Monitor your server hardware (system health) with the Redfish protocol

 Originally published on October 15, 2021 by Michael Becker
Last updated on October 15, 2021 • 7 minute read

If you monitor your server hardware in your data center with PRTG, you are probably familiar with the System Health Sensor for hardware like Dell, HP, Lenovo, etc., which allows you to monitor the status of the CPU fan, the battery, and also overall system status, among other things. Each sensor includes numerous channels that let you keep a detailed eye on your hardware. But did you know that PRTG also lets you monitor the system health of your server hardware via the Redfish protocol?

What is Redfish?

The Redfish Scalable Platforms Management API (Redfish) is a specification for remote maintenance of server systems (out-of-band systems management). The first version of the specification was published by the Distributed Management Task Force (DMTF) in August 2015. Since then, Redfish has been continuously developed. Redfish was launched with the goal of replacing IPMI (Intelligent Platform Management Interface) in the medium term. For this purpose, Redfish relies on a RESTful (Representational State Transfer) programming interface that allows simple queries with numerous programming languages. Redfish transmits data via HTTPS, using JSON as the data format.

 

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Which manufacturers support Redfish?

Since Redfish is a standard protocol, many different vendors can support it as long as they follow the rules specified in Redfish. Thus, our Redfish System Health sensor (EXPERIMENTAL) can work with servers of all supported vendors. Some of the vendors that support Redfish are the following:

  • Dell iDRAC BMC with minimum iDRAC 7/8 FW 2.40.40.40, iDRAC9 FW 3.00.00.0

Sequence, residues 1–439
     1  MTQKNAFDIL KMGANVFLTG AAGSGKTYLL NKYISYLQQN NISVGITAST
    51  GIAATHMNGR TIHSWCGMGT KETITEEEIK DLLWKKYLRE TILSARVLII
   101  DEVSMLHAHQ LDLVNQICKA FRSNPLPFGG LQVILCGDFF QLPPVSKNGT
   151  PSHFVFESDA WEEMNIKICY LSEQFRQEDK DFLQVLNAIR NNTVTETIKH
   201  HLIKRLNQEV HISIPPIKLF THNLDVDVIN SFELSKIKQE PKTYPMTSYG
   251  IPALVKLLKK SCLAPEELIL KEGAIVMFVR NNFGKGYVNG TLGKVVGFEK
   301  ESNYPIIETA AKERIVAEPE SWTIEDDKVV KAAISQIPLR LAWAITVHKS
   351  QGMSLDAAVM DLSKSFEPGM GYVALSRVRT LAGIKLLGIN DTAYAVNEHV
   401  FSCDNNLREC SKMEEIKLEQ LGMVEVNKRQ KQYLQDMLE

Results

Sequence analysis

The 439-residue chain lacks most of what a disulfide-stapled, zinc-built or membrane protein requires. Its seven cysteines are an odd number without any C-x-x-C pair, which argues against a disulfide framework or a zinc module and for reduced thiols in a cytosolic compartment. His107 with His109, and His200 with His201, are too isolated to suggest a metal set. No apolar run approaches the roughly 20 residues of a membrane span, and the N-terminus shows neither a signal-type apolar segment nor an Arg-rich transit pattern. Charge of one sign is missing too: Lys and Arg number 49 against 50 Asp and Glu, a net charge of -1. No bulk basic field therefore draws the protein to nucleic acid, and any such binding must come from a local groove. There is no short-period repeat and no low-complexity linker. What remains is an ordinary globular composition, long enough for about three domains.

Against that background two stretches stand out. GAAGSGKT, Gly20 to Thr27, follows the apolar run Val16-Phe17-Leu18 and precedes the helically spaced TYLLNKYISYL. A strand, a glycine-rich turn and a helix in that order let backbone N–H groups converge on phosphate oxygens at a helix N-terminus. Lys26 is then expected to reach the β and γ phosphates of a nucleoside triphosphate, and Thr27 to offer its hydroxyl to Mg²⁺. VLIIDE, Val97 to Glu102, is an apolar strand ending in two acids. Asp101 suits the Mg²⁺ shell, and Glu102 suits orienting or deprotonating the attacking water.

• HPE iLO BMC with minimum iLO4 FW 2.30, iLO5
  • HPE Moonshot BMC with minimum FW 1.41
  • Lenovo XClarity Controller (XCC) BMC with minimum XCC FW 1.00
  • Supermicro X10 BMC with minimum FW 3.0 and X11 with minimum FW 1.0
  • IBM Power Systems BMC with minimum OpenPOWER (OP) firmware level OP940[6]
  • IBM Power Systems Flexible Service Processor (FSP) with minimum firmware level FW860.20[7]
  • Cisco Integrated Management Controller with minimum IMC SW Version 3.0[8]

As you can see most of these vendors are well known and widely used. However, Redfish can also be integrated into a BMC (IPMI) firmware at a later date and thus can be retrofitted to servers already in use.

How can I find and use the Redfish Sensor in PRTG?

Unlike the System Health Sensors, which you can add to a device by searching for the manufacturer name such as Dell, HP, Lenovo, or the management interface name such as iDRAC or iLO, for example, you simply type "Redfish" in the search.

Search_RedfishBecause the new Redfish sensor is currently in the EXPERIMENTAL stage, the ‘Experimental features’ must be enabled in PRTG beforehand. If you don't know what an experimental sensor is or how to use them in PRTG, please have a look at this article:

👉 New Handling of beta sensors in PRTG

Our first Redfish sensor is the Redfish System Health sensor. The sensor monitors the overall system status and the status of various components such as power supplies or PCIe devices, if available.

prtg-redfish-system-health-sensor-01

If you would like to know more, please have also a look at our new KB article “I want to know which of my systems support the Redfish System Health sensor. Can you help me?”.

As we plan to create more sensors* for monitoring server hardware that are based on the Redfish specifications and to provide the best solution possible, we need to understand your use cases. Therefore, we would appreciate your feedback in this survey:

👉 Redfish / REST API for server management

* With PRTG version 71 we will release the Redfish Virtual Disk sensor. This sensor monitors the virtual disks of Redfish-capable servers and shows their capacity and status.

As always, we are happy to read your thoughts in the comments below.